Last night in the War Memorial Opera House, the San Francisco Opera (SFO) presented the first of six performances of its second offering for its 2017–2018 season. The production was Keith Warner’s staging of Richard Strauss’ one-act opera “Elektra,” which SFO shared with the National Theatre in Prague and the Badisches Staatstheater in Karlsruhe. The stage director here in San Francisco was Anja Kühnhold, who provided useful background information about Warner’s vision at the Insight Panel held this past Thursday evening.
This opera, first performed in Dresden in 1909, marked the beginning of a long a fruitful relationship that Strauss had working with Hugo von Hofmannsthal as his librettist. In this case Hofmannsthal simply adapted the play of the same title, which he had written in 1903, drawing primarily on Sophocles’ drama as his source. While the Greek plays tended to be relatively compact, Strauss requested some substantial cuts in Hofmannsthal’s original script. Strauss’ suggestions were good ones; and the result was one of his most compact compositions, whose intensity tapped into primordially visceral characteristics of not just early Greek tragedy but its bardic predecessors. Nevertheless, there are traditional cuts taken when the opera is performed; and those cuts were imposed last night.
One problem with presenting any account of Sophocles’ play is that it takes place in the middle of a much longer story. The overall tragedy of the House of Atreus is a blood-soaked tale of vengeance in which murder is avenged by murder over several generations. In Aeschylus’ version of the story, the cycle only ends after the Gods intervene; and that intervention basically amounts to the invention of jurisprudence by Apollo and Athena. Strauss’ opera deals with the murder of Klytemnestra and her lover Aegisth at the hands of her daughter and son, Elektra and Orest, to avenge the murder of their father Agamemnon.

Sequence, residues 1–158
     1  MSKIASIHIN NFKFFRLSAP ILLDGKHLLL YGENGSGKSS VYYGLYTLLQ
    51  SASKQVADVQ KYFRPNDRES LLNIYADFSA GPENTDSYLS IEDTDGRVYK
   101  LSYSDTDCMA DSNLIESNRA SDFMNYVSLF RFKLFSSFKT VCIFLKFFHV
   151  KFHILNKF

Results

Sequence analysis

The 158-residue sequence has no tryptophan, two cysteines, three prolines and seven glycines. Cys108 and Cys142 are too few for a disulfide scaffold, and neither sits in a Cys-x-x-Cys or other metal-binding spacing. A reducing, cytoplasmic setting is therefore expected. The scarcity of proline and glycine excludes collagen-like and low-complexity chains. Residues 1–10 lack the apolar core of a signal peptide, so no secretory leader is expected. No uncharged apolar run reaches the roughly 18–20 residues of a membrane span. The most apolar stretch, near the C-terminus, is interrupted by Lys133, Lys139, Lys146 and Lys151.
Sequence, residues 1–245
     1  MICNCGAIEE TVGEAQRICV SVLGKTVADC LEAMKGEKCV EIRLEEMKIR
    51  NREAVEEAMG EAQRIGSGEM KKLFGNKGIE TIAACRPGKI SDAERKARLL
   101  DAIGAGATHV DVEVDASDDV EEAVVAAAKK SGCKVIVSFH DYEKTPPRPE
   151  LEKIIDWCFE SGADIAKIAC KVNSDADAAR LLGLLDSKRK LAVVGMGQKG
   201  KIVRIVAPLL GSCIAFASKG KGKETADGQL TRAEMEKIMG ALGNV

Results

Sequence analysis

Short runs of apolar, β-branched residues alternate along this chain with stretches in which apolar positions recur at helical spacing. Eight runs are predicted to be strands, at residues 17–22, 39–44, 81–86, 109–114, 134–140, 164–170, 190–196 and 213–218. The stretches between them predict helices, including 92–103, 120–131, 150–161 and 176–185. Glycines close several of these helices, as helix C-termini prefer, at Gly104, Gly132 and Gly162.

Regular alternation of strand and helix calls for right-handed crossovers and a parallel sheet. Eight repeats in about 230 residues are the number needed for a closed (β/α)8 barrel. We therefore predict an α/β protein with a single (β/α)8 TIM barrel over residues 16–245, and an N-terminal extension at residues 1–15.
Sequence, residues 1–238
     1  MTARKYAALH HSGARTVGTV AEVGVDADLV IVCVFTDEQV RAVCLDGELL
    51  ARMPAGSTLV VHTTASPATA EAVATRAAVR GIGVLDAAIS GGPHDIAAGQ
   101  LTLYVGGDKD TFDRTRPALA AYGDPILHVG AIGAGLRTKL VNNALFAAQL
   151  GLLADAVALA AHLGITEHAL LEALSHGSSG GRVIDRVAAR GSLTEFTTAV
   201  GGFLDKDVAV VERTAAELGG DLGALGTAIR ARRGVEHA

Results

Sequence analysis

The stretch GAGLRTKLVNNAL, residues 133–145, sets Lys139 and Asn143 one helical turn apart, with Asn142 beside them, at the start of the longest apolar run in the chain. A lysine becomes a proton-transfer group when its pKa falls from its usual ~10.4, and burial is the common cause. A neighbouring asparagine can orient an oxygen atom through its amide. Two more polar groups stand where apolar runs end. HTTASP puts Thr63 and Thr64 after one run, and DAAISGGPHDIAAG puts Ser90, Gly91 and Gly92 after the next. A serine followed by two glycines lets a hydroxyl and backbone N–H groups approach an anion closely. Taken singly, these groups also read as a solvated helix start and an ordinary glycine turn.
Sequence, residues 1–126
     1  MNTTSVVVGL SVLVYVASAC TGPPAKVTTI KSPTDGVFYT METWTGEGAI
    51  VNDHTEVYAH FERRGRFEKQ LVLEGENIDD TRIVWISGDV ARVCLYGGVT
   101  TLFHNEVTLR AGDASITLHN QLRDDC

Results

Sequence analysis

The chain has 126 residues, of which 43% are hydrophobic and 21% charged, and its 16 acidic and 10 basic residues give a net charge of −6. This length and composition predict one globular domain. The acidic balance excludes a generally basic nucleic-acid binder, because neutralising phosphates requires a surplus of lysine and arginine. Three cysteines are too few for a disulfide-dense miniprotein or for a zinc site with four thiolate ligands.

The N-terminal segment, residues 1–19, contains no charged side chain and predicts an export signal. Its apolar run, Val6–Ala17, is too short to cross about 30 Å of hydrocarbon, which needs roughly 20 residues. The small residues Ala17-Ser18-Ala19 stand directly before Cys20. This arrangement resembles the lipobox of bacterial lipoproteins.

To address the problem of being dropped into a much longer story, Warner chose to set his staging of “Elektra” in a contemporary museum:
Klytemnestra (Adrianne Pieczonka) and Elektra (Christine Goerke) work out their "mother-daughter issues" (photograph by Cory Weaver, courtesy of the San Francisco Opera)
We are thus introduced to a visitor confronted with both artifacts and video images, who becomes absorbed into the Atreus saga and emerges as Elektra herself. That transition is facilitated by the opera libretto, since the opening section involves a somewhat chaotic exchanges of questions and answers among five maidservants. In Warner’s context this establishes the necessary background for the plot that will then unfold.
This introduction is followed by Elektra’s first major aria, “Allein! Weh, ganz allein” (alone, alas, all alone), which basically establishes the visitor’s transformation. She hid herself in the museum at closing time, and is now alone there. This parallels Elektra’s isolation from both her family and the people of Argos. Her only “connections” are to her murdered father and her brother who is presumed dead.